16. Sacrosanctum Concilium 11: "But in order that the liturgy may possess its full effectiveness, it is necessary that the faithful come to it with proper dispositions, that their minds be attuned to their voices, and they cooperate with divine grace, lest they receive it in vain."
17. General Instruction of the Roman Missal 5: "The celebration of the eucharist, like the entire liturgy, involves the use of outward signs that foster, strengthen, and express faith. There must be the utmost care therefore to choose and to make wise use of those forms and elements provided by the Church which, in view of the circumstances of the people and the place, will best foster active and full participation and serve the spiritual well-being of the faithful."
18. John Paul II, Apostolic Exhortation on the Role of the Christian Family in the World, November 22, 1981, AAS 74 (1982) 81-191, Familiaris consortio 84: "Together with the synod, I earnestly call upon pastors and the whole community of the faithful to help the divorced with solicitous care to make sure they do not consider themselves as separate from the Church, for as baptized persons they can and indeed must share her life. They should be encouraged to listen to the word of God, to attend the sacrifice of the Mass.... However, the Church reaffirms her practice, which is based upon sacred scriptures, of not admitting to eucharistic communion divorced persons who have remarried."
19. Inaestimabile Donum 17: "The faithful are to be recommended not to omit to make a proper thanksgiving after Communion. They may do this during the celebration, with a period of silence, with a hymn, Psalm or other song of praise, or also after the celebration, if possible, by staying behind to pray for a suitable period of time."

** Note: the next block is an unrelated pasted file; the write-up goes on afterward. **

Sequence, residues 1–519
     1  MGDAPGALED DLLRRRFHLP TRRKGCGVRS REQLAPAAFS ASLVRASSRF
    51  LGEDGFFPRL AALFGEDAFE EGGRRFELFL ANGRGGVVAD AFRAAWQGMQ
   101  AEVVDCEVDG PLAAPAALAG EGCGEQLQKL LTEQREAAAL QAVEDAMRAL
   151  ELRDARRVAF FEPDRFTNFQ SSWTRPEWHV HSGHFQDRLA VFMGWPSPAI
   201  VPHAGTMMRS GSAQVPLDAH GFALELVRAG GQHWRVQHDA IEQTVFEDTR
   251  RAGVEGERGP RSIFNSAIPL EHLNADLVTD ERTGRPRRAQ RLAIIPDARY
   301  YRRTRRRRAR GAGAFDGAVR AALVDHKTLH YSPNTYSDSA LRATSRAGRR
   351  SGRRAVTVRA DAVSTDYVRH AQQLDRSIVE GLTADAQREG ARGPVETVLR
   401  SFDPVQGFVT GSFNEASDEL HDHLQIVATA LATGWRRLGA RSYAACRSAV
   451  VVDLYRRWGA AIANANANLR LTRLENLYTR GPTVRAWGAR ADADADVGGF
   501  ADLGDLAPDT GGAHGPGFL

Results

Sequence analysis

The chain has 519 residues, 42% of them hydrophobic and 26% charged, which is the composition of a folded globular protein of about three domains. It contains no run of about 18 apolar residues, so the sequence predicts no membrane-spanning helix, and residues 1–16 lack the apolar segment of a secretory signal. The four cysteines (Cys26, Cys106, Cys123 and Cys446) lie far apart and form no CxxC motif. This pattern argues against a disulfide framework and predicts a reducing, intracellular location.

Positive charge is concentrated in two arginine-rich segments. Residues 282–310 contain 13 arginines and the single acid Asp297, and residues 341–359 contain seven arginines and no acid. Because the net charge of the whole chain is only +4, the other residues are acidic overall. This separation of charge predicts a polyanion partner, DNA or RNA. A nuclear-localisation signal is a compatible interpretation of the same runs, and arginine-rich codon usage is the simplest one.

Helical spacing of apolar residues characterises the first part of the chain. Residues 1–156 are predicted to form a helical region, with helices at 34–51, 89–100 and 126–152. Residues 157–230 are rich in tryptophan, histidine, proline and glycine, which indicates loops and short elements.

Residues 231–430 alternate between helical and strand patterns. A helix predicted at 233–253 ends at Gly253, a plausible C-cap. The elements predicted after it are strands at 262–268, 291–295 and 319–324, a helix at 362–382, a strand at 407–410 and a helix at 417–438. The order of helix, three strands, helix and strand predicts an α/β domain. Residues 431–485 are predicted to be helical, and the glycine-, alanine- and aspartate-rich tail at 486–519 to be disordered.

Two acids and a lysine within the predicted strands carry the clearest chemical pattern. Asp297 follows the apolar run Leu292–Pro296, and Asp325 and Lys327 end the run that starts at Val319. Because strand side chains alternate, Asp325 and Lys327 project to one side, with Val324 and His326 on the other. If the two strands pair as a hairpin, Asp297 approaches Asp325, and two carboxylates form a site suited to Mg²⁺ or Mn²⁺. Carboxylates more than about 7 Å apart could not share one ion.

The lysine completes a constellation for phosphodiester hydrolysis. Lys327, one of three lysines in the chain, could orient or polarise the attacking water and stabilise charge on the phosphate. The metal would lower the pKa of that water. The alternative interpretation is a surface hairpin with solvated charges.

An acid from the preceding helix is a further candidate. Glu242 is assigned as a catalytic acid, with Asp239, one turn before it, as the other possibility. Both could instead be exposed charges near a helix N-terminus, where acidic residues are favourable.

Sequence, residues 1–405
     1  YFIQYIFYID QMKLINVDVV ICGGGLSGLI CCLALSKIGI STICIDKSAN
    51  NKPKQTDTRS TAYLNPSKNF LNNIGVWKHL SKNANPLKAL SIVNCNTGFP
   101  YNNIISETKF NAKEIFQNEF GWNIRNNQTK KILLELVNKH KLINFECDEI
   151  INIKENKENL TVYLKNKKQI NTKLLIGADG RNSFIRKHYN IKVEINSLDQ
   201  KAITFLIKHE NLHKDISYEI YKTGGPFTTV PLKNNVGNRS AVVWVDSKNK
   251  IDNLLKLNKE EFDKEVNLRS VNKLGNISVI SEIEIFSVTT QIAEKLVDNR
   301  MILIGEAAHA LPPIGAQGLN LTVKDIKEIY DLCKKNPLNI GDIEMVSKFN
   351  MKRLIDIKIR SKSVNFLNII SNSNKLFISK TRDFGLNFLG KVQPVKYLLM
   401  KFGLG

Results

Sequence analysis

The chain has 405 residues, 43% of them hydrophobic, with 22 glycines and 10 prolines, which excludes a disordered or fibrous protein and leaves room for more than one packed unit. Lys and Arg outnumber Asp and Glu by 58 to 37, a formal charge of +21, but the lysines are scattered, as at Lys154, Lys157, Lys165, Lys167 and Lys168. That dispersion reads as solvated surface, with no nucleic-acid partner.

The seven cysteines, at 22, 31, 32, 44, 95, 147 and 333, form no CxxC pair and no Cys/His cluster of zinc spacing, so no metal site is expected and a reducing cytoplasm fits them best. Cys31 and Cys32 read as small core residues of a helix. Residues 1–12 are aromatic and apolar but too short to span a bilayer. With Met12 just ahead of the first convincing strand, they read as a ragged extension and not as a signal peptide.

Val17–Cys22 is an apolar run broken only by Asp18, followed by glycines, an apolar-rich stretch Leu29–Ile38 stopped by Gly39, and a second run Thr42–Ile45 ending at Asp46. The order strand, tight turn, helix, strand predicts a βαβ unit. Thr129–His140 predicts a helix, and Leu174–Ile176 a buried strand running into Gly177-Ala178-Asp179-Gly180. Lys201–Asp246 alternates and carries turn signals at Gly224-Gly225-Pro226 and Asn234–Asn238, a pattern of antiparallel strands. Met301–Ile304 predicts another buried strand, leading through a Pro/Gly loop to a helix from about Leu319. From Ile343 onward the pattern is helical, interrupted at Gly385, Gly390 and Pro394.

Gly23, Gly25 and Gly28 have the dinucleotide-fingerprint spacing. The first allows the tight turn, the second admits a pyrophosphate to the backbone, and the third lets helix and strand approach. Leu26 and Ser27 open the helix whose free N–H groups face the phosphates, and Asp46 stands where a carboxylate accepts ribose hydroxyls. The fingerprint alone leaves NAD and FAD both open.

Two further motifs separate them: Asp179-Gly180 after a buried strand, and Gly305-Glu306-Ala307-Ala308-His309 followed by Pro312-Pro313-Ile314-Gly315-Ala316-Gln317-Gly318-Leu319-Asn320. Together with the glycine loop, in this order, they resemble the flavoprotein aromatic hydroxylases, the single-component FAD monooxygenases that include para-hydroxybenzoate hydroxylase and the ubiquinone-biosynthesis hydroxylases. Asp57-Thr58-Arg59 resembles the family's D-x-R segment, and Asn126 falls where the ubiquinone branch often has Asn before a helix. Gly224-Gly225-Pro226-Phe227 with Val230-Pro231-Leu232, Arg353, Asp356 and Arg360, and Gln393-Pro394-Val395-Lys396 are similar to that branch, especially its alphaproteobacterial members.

20. General Instruction of the Roman Missal 19: "The faithful who gather together to await the Lord's coming are instructed by the Apostle Paul to sing psalms, hymns and inspired songs. Song is the sign of the heart's joy (see Acts 2:46). Thus St. Augustine says rightly: "To sing belongs to lovers." There is also the ancient proverb: "One who sings well prays twice." With due consideration for the culture and ability of each congregation, great importance should be attached to the use of singing at Mass; but it is not always necessary to sing all the texts that are of themselves meant to be sung."
21. General Instruction of the Roman Missal 66: "Silence should be observed at the designate times as part of the celebration. Its function depends on the time it occurs in each part of the celebration."
22. Music in Catholic Worship 23: "Among the many signs and symbols used by the Church to celebrate its faith, music is of preeminent importance. As a sacred song united to words it forms a necessary or integral part of the solemn liturgy. Yet the function of music is ministerial; it must serve and never dominate. Music should assist the assembled believers to express and share their interior commitment of faith."
23. Bishops Committee on the Liturgy, A Statement of the Bishops Committee on the Liturgy on the Occasion of the Tenth Anniversary of "Music in Catholic Worship" (Washington, D.C.: USCC, 1982) Liturgical Music Today 52: "However, singing and playing the music of the past is a way for Catholics to stay in touch with and preserve their rich heritage. A place can be found for this music, a place which does not conflict with the assembly's role and the other demands of the rites."